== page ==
• Travel benefits: Can this card save you money alongside earning you points? Take a look at the travel perks, such as insurance or free checked bags to weigh how much a card will help you.
  • Point redemption: Take a look at a card’s reward program before signing up to ensure it is right for you. Ideally, your points should easy to redeem toward travel with companies you love.
  • Annual fee: An annual fee is not an automatic negative. You just need to weigh the fee against the perks and benefits.
  • Balance Transfers: While not many travel cards are among the list of best credit cards for balance transfers, this type of benefit helps people pay down debt and big-ticket purchases faster and cheaper with introductory 0% interest rates.

Is an Annual Fee Worth It?

Annual fees used to be the devil of credit card talk, but now, many cards with fees pack on so many perks, the fee is worth it. For example, both the Chase Sapphire Preferred and its premium cousin, the Chase Sapphire Reserve, are among the most popular annual fee travel cards. You cannot just take a card’s perks at face value, though. If you don’t plan on using these bonuses each year, then the card’s annual fee might not be worth it for you.

>>SAVE: Best ‘No Annual Fee’ Credit Cards: Compare Rewards, Bonuses and Offers

Read one Slickdeal writer’s experience with annual fee cards. They realized that a travel card with an annual fee was giving them over $1,000 in added value over a no-fee cash-back card.

How To Redeem Travel Credit Card Points

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Credit: Twenty20

Each card issuer is set up differently, but most will allow you to redeem your points/miles through their own travel booking platform. If the card has travel partners, you can also transfer your points to a loyalty program and redeem them through that company’s site instead.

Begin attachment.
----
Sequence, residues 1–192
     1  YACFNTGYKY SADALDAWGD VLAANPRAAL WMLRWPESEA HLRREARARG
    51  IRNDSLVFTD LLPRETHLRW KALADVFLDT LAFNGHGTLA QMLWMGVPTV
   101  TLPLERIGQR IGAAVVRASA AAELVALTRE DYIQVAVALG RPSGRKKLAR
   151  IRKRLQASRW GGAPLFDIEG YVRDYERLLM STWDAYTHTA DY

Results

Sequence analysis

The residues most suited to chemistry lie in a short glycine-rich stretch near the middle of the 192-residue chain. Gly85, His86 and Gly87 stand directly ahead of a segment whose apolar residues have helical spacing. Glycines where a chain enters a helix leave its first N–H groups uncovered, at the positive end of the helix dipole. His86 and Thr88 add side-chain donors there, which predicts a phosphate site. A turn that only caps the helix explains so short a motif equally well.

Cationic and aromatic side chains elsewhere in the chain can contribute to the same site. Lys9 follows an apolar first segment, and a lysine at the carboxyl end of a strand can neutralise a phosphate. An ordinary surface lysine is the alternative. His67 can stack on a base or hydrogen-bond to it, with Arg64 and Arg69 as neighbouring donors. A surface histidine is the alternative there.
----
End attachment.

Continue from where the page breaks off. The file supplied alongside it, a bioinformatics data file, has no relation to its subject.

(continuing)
Once, I was able to redeem my credit card points for 3X the value just by transferring them over to my hotel loyalty program. The hotel’s website offered a special all-resort package for the points that would have cost much more through the credit card issuer’s travel portal.

How To Get the Most Out of Your Travel Rewards Credit Card

If you want to be one of those credit card success stories where the user pays for their whole trip to Tahiti with points, you need to use your travel rewards credit card right. Here’s how the pro card users get the most of their travel rewards:

  • You need to earn the sign-up bonus. The sign-up bonus is designed to reel you in and get you spending. However, if you plan wisely, you can use the huge bonus to your advantage. Keep tabs on how close you are to the bonus. You can always contact your card’s customer service line to confirm how much you spent towards the sign-up bonus.
  • Pay your monthly statement. Staying on top of your monthly payments is essential if you want to increase your credit. It is also important not to carry debt on these cards because the interest rate paid will negate any travel points earned.
  • Understand the perks and benefits. Make sure you are using your card to your full advantage. Use yearly credit and rebate offers, airport lounge access and companion passes to ensure your card is saving you money each year.
  • Put all of your spending on the card. Simply put, you aren’t going to rack up the travel points if you forget to use it on big and small purchases alike. Load your card into your Amazon or Uber Eats account or set it up to automatically pay your phone bill. Every dollar spent will get you closer to your dream vacation.
  • Only use your points towards travel redemptions. When you are short on cash, it can be tempting to convert your credit card rewards to a bank deposit. Resist the urge since travel rewards are usually worth more when they are spent toward travel.
  • Earn bonus point opportunities. Keep an eye on your card’s bonus offers and shopping portal to earn even more points. You can score additional points on online shopping you were already going to do just by going through the card issuer’s link.

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Eric Rosenberg

Eric Rosenberg is a finance, travel, and technology writer in Ventura, California. He is a former bank manager and corporate finance and accounting professional who left his day job in 2016 to take his online side hustle full-time. He has in depth experience writing about banking, credit cards, investing, business, and other financial topics. When away from the keyboard, Eric enjoys exploring the world and spending time with his wife and little girls. You can connect with him at Personal Profitability or